Tag: SLavery

On Harriet: The Black Body As Currency


I having mixed feelings. On the one hand I am ecstatic that Harriet Tubman will be the face of the new $20 bill. For once, every American and visitor will have to face a defiant Black woman as a primary means of conducting their daily affairs. This is a slap in the face of every open and closeted white supremacist, and nothing short of avoiding currency altogether can keep them from acknowledging the magnitude of this change.

But what does it truly mean to have a woman, a Black woman, who was formerly a slave, her body formerly a monetary instrument, to be used once again on a piece of currency? That the same body conjured such shock and anger amongst Americans, that it would be worth a premium bounty of $40,000? I would venture to say that it seems ironic, if not unabashedly shameful. That the black body was repeatedly passed between hands for centuries, in an emotionless, matter-of-fact manner only to come full circle several hundred years later is pretty deep. How long after the initial hype of the new Harriets wear off will people begin to look at that note with less enthusiasm, and just a symbol of day to day commerce, her face regularly smudged with the countless hands of strangers, crumpled in pockets, stained, ripped, lost, left behind. What legacy is this?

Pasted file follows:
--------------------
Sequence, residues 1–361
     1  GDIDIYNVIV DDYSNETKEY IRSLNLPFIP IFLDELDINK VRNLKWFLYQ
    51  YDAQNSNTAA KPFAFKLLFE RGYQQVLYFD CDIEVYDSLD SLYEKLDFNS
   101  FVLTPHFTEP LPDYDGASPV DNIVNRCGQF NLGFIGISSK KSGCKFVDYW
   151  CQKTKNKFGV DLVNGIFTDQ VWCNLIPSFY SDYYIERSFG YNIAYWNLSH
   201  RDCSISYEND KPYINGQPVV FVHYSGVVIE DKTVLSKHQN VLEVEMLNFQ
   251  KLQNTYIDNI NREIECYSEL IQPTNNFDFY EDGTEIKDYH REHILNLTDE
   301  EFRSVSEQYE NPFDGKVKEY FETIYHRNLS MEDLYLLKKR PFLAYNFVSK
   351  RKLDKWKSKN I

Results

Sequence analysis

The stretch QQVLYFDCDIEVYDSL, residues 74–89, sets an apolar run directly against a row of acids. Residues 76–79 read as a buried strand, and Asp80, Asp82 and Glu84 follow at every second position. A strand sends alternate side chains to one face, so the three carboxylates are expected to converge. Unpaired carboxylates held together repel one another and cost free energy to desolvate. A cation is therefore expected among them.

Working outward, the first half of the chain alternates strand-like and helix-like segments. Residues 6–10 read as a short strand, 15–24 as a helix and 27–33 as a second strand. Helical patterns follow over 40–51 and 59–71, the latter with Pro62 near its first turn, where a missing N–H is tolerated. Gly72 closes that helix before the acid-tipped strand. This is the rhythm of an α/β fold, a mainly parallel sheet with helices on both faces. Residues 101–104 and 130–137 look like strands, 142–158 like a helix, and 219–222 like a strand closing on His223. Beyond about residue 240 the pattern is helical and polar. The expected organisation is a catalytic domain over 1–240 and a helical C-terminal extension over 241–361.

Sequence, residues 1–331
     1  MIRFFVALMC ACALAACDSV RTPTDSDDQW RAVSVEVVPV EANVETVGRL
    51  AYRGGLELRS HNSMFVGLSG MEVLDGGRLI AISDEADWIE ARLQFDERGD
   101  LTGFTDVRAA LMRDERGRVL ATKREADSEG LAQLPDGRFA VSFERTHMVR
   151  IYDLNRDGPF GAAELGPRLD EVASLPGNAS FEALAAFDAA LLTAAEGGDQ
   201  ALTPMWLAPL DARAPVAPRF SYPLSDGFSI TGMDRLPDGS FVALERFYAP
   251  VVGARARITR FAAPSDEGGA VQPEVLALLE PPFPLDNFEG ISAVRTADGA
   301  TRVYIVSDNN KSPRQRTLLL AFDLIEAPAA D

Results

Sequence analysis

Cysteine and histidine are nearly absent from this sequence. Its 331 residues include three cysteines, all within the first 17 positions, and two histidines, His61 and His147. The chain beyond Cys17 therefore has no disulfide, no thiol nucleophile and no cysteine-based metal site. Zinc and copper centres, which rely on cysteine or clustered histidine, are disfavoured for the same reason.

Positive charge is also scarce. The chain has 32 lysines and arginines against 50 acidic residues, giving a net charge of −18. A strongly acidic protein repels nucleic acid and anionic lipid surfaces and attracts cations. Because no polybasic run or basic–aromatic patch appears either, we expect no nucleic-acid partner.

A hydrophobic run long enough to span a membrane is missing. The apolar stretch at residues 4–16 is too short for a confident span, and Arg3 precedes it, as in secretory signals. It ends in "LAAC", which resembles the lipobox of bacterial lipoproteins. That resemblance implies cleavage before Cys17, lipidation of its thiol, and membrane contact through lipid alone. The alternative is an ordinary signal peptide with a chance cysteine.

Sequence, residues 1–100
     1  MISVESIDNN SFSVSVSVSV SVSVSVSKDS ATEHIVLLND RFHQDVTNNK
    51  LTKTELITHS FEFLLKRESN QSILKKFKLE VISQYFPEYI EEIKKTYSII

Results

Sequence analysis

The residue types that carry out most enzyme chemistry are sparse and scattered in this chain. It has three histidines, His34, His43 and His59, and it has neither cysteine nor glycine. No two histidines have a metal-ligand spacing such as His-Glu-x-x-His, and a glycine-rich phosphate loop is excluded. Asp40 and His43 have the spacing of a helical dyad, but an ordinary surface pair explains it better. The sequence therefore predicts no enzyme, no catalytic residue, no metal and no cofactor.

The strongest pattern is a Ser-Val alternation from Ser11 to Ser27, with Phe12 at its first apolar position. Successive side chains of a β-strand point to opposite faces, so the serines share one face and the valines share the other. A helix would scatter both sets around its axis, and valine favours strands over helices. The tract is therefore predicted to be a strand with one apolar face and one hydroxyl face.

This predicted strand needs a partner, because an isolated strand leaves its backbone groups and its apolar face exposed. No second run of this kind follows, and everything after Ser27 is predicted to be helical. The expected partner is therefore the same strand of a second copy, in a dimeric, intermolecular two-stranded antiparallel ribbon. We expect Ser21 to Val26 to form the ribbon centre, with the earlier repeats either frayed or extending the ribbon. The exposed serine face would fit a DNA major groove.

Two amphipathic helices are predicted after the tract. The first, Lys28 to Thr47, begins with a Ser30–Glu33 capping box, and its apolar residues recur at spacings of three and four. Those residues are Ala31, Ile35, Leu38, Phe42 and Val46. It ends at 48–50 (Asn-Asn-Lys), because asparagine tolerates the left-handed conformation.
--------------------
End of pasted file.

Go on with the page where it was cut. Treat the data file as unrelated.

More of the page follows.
The new Harriets will be amazing, but lets not forget that such a move is problematic and can be viewed as tokenism at best. Sure, we may add the face of this Black woman to the American monetary system, but this is in no way penance for over 400 years of the atrocities and the after effects born of the slave system.

Artness: The Audacity of Nona Faustine

Like the thousands of Africans buried under lower Manhattan, there are others in long forgotten places. – Nona Faustine

This is certainly the year of the bold Black woman with a message to be heard. Last week, Bree Newsome re-ignited the fire of Black woman revolutionaries everywhere by removing the Confederate flag from South Carolina’s state capitol. And now I see these powerful images of Nona Faustine, a Crown Heights, Brooklyn artist, walking the haunted streets of lower Manhattan, lest we forget the what originally happened on Wall Street.


How ironic that so much of America’s slave past centers on the south when the North, specifically New York, played a very active role in the trade of human beings. Nona brings it on back with stark unabashedly frank images recalling Sara Bateman’s horrific run as a circus sideshow spectacle in the 1800s.

Nona, like Bree, is bold, Black, and has something she needs to say. View the rest of the images from her series “White Shoes” here.



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